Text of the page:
Ringer’s Solution (BZ211)

Ringer’s Solution (BZ211)



Ringer’s solution is also called Riger’s Solution, because Ringer’s solution contains sodium, potassium, calcium, and chloride in addition to sodium chloride. Because it was invented by the British physiologist “Ringer”, it is called Ringer’s solution. It is a kind of liquid that is relatively close to the internal environment of amphibians. It can be used to prolong the time of frog heart beating outside the body and maintain the physiological activity of other isolated amphibians tissues and organs.

Transportation and storage: transportation and storage at room temperature, use as soon as possible after opening!

This product is sterilized by 0.2μm filter!

Validity: 12 months

According to the specific requirements of the experiment, save or clean the isolated tissue.

Because Ringer’s solution contains calcium ions, precipitation is easy to occur. If a small amount of precipitation occurs, it can be used after heating to dissolve or filtering, and a large amount of precipitation should be discarded.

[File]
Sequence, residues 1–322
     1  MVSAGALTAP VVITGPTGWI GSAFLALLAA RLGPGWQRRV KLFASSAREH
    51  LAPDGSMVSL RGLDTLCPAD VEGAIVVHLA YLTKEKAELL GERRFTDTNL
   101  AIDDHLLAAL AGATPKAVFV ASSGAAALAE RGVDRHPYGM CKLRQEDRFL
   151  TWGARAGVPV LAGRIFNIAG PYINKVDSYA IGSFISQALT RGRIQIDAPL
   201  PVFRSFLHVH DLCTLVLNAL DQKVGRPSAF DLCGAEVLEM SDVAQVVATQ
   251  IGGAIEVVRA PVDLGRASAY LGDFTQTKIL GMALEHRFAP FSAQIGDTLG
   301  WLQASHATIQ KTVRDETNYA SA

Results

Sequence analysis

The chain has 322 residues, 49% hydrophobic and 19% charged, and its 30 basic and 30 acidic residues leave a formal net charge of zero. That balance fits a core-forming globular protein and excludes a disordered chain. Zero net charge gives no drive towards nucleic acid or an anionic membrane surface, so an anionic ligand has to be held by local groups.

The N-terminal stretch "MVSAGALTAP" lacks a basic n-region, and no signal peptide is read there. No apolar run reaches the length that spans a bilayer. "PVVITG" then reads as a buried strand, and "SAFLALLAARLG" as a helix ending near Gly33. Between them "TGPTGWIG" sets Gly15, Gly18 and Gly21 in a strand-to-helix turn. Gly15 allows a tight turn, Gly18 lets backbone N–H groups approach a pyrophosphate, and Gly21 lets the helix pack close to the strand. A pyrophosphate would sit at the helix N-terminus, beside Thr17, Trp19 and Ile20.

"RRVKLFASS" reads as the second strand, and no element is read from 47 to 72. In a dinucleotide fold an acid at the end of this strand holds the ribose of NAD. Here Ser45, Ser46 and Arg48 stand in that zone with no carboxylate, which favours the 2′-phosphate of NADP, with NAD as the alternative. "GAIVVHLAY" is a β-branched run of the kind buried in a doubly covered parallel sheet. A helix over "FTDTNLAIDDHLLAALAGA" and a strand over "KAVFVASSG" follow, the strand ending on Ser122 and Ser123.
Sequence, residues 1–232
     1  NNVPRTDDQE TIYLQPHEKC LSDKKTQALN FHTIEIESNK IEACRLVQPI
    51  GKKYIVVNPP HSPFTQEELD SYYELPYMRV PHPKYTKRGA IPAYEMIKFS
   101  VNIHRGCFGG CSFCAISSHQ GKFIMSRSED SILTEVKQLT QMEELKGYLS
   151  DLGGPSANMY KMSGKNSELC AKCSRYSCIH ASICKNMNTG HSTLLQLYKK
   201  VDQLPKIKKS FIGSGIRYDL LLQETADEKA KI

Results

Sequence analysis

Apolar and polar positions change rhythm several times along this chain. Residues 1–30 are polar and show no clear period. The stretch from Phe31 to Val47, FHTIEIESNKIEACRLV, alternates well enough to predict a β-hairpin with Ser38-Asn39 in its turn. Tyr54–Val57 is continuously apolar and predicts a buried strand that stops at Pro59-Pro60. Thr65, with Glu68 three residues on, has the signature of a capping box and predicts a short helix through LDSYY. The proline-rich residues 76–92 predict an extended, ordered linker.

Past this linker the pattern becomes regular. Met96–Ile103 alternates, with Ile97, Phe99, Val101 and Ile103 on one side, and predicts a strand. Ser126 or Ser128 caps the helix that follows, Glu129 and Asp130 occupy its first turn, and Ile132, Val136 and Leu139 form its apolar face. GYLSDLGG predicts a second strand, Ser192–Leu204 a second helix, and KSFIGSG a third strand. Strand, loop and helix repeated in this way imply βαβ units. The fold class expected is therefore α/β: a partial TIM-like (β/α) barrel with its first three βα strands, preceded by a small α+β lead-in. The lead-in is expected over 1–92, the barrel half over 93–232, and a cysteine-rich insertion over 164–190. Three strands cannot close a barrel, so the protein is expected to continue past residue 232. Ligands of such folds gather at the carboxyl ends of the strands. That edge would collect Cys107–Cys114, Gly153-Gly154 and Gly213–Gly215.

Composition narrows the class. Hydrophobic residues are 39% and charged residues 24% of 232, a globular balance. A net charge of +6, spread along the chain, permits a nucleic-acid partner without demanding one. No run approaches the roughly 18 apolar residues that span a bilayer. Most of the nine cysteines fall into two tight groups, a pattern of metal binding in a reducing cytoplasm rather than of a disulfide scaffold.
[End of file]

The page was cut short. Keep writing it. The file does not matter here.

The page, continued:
Ringer’s solution is a solution of several salts dissolved in water for the purpose of creating an isotonic solution relative to the body fluids of an animal. Ringer’s solution typically contains sodium chloride, potassium chloride, calcium chloride and sodium bicarbonate, with the last used to balance the pH. Other additions can include chemical fuel sources for cells, including ATP and dextrose, as well as antibiotics and antifungals.

Ringer’s solution is frequently used in in vitro experiments on organs or tissues, such as in vitro muscle testing. The precise mix of ions can vary depending upon the taxon, with different recipes for birds, mammals, freshwater fish, marine fish, etc.

Ringer’s solution is named after Sydney Ringer, who in 1882–1885 determined that a solution perfusing a frog’s heart must contain sodium, potassium and calcium salts in a definite proportion if the heart is to be kept beating for long.